‘Urbanizing the suburbs’ goes big
“Without damaging a blade of grass on a single lawn” suburbs across North America can transform outmoded shopping centers and office parks “into a new generation of compact, dense, walkable, mixed-use, urban places that accommodate multiple dreams,” writes architect and urban designer David Dixon in Suburban Remix: Creating the Next Generation of Urban Places.
The vast scale of the suburbs makes that statement plausible. For good or ill, most of suburbia will not change much in coming decades. Yet key places within the suburbs are transforming, and Suburban Remix makes a strong case that suburban retrofit is a powerful force in the American landscape—backed by local political will and significant capital.
This trend has been underway for some time—Retrofitting Suburbia (2008) introduced the topic and Reshaping Metropolitan America (2013) explored the demographic changes. Suburban Remix updates the story in a way that will be easy for nonprofessional public officials in suburban cities and towns to understand.
This trend is gaining steam due to the aging of the suburban population—combined with the strong preference for walkable places from college-educated millennials (those without college degrees still choose conventional suburbs). Businesses, especially tech firms, are following the young professionals to urban centers. In a nationwide survey, 83 percent of firms said they would prefer to locate office space in walkable urban centers rather than single-use office or industrial parks. Smart suburban leaders have figured out they must adapt or wither economically, according to the authors.
Most of the case studies cover large-scale commercial development in relatively wealthy suburbs. Suburban Remix has less to say about small-scale interventions by developers and towns with limited capital—instead focusing on redevelopment of the kind of suburbs that boomed in the late 20th Century.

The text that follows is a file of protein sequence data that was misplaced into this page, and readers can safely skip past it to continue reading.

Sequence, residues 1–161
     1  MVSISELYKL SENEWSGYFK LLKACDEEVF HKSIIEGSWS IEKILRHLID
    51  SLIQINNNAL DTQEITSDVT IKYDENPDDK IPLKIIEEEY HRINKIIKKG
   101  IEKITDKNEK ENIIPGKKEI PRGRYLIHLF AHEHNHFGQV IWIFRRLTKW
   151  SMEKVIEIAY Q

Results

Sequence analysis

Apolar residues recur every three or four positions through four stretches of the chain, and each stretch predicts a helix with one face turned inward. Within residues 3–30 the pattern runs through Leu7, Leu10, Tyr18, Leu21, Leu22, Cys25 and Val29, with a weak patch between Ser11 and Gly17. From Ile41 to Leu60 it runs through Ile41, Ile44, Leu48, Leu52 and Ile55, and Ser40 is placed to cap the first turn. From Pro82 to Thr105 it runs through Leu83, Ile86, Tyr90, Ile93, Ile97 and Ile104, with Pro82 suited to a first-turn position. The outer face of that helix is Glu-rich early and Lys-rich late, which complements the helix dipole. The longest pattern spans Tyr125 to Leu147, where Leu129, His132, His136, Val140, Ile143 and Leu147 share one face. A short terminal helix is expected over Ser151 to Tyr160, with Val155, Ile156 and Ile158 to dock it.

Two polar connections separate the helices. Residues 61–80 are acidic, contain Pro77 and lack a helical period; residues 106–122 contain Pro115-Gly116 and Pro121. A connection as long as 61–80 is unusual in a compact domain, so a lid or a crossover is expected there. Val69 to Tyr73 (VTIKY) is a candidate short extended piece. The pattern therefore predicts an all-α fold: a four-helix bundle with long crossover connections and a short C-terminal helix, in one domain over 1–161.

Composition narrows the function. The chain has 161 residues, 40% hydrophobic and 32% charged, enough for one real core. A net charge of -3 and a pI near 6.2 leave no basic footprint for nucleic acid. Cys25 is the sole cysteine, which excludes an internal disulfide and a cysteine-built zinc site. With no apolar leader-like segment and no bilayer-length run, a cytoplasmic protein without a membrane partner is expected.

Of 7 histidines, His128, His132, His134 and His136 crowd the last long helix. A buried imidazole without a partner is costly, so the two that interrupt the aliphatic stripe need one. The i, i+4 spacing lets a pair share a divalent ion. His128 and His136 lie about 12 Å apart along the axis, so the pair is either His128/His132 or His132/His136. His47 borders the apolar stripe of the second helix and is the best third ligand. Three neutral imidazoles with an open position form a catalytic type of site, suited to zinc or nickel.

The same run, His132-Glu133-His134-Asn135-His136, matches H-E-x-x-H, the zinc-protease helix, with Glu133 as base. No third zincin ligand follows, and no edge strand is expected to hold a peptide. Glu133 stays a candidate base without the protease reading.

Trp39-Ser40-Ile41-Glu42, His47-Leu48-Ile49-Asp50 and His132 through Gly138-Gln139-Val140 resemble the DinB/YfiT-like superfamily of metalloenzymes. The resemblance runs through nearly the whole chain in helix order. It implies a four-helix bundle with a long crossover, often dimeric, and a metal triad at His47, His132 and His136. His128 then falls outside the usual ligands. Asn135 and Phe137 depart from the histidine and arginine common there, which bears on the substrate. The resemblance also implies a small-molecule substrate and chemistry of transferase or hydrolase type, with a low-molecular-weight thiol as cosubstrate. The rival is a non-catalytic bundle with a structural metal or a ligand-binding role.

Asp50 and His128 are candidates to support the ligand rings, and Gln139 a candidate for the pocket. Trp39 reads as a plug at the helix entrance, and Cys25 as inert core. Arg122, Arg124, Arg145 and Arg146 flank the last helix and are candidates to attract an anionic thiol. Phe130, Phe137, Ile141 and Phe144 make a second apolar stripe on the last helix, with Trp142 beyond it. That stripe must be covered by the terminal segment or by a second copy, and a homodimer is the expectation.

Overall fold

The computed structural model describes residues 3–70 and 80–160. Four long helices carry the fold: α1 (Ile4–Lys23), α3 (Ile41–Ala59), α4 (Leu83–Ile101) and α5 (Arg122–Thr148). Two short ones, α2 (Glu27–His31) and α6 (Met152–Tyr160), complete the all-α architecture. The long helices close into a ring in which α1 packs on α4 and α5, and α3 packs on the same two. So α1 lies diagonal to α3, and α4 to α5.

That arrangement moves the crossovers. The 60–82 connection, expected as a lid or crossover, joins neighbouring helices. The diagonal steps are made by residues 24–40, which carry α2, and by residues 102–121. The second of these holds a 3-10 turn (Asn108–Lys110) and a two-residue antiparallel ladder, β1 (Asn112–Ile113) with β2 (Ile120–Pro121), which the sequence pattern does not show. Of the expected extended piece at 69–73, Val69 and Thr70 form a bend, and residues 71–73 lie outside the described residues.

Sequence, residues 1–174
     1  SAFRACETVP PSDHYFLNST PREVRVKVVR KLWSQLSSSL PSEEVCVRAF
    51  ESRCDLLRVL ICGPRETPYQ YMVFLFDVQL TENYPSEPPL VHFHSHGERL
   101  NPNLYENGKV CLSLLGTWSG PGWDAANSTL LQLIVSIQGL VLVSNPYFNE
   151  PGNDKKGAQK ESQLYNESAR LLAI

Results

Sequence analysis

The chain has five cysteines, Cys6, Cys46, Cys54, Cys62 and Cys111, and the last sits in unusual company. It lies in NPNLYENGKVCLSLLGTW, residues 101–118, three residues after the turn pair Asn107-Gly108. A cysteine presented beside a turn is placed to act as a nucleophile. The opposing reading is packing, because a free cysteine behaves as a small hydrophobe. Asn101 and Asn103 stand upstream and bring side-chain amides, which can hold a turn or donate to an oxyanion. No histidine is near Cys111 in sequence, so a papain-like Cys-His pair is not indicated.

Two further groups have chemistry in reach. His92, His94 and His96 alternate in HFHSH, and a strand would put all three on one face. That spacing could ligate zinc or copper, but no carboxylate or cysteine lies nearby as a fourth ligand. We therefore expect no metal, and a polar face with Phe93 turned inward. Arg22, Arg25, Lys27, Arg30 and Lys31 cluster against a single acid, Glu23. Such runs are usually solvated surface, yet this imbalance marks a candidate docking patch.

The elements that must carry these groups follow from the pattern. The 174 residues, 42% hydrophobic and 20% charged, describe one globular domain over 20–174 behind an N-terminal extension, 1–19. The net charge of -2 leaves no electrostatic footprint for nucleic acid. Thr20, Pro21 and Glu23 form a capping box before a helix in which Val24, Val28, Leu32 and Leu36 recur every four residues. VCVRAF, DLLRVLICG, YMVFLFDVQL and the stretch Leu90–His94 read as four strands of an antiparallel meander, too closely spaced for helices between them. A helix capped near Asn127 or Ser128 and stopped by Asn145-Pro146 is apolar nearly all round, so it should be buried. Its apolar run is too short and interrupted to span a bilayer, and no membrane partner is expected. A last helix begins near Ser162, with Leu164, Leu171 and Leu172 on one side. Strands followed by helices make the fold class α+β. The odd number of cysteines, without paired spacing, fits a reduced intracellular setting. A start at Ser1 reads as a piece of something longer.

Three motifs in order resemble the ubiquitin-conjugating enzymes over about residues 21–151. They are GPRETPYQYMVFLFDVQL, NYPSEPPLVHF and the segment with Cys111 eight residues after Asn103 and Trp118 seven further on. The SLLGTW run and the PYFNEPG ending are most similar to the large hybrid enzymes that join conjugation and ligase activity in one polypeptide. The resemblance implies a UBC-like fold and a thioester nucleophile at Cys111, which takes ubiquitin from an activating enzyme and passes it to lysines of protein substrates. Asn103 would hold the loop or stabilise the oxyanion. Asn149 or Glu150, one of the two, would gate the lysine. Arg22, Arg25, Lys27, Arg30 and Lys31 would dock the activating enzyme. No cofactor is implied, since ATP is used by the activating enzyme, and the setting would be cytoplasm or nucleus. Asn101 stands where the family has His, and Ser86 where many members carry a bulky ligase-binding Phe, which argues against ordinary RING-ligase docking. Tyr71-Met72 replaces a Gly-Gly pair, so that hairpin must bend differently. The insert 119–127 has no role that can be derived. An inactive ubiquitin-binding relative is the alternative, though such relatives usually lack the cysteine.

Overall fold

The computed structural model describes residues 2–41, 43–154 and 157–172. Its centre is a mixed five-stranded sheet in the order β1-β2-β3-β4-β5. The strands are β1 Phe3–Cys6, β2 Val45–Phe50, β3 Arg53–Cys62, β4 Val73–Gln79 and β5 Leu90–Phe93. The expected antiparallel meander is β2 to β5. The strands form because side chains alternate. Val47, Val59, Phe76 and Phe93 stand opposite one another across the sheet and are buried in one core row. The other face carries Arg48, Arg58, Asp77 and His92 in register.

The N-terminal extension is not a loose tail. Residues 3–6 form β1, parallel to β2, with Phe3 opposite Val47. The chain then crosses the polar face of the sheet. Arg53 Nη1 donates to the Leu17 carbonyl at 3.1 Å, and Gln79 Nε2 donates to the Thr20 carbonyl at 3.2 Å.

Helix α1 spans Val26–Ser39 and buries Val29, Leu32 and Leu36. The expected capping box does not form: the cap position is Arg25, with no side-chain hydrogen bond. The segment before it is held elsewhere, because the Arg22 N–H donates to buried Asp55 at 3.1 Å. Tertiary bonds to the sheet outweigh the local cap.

The 1,000-acre Bridge Street District (BSD) is the answer to shifting markets and demographics in Dublin, Ohio. A suburb of Columbus, Dublin expanded from a tiny village of less than a thousand people in 1970 to 45,000 residents and 50,000 workers by 2015. But leaders could read the writing on the wall. “First, as baby boomers aged and began selling their homes in increasing numbers, it was unclear whether there would be enough buyers for those homes,” writes planning and development consultant Terry Foegler. … “Second, other suburbs were developing more competitive” mixed-use office districts.
City officials realized that new, mixed-use housing types could attract young, educated millennials and empty-nest boomers, Foegler explains. “Council members believed that successful implementation of the BSD vision would improve Dublin’s economic competitiveness and the health of its tax base—a core element of the city’s economic development strategy.”
Dublin’s citizens were skeptical at first, but came to strongly support the plan—with 88 percent saying it would strengthen the city’s economy. “The consultant team helped paint a picture for the community of the walkable BSD not as undoing Dublin’s suburban character but adding a new layer to it,” Foegler says.
This new development will connect to the city’s small, historic village center via a dramatic pedestrian bridge, a bold gesture that will create an iconic new symbol for Dublin.
The city conducted detailed implementation studies in transportation, fiscal impact, and form-based codes, and the project broke ground in 2015. With the first phase of 3 million square feet of development completed as of early 2018, the Bridge Street District looks like a big success. In February, a news story on the district was headlined “Office space proves more popular than anticipated.”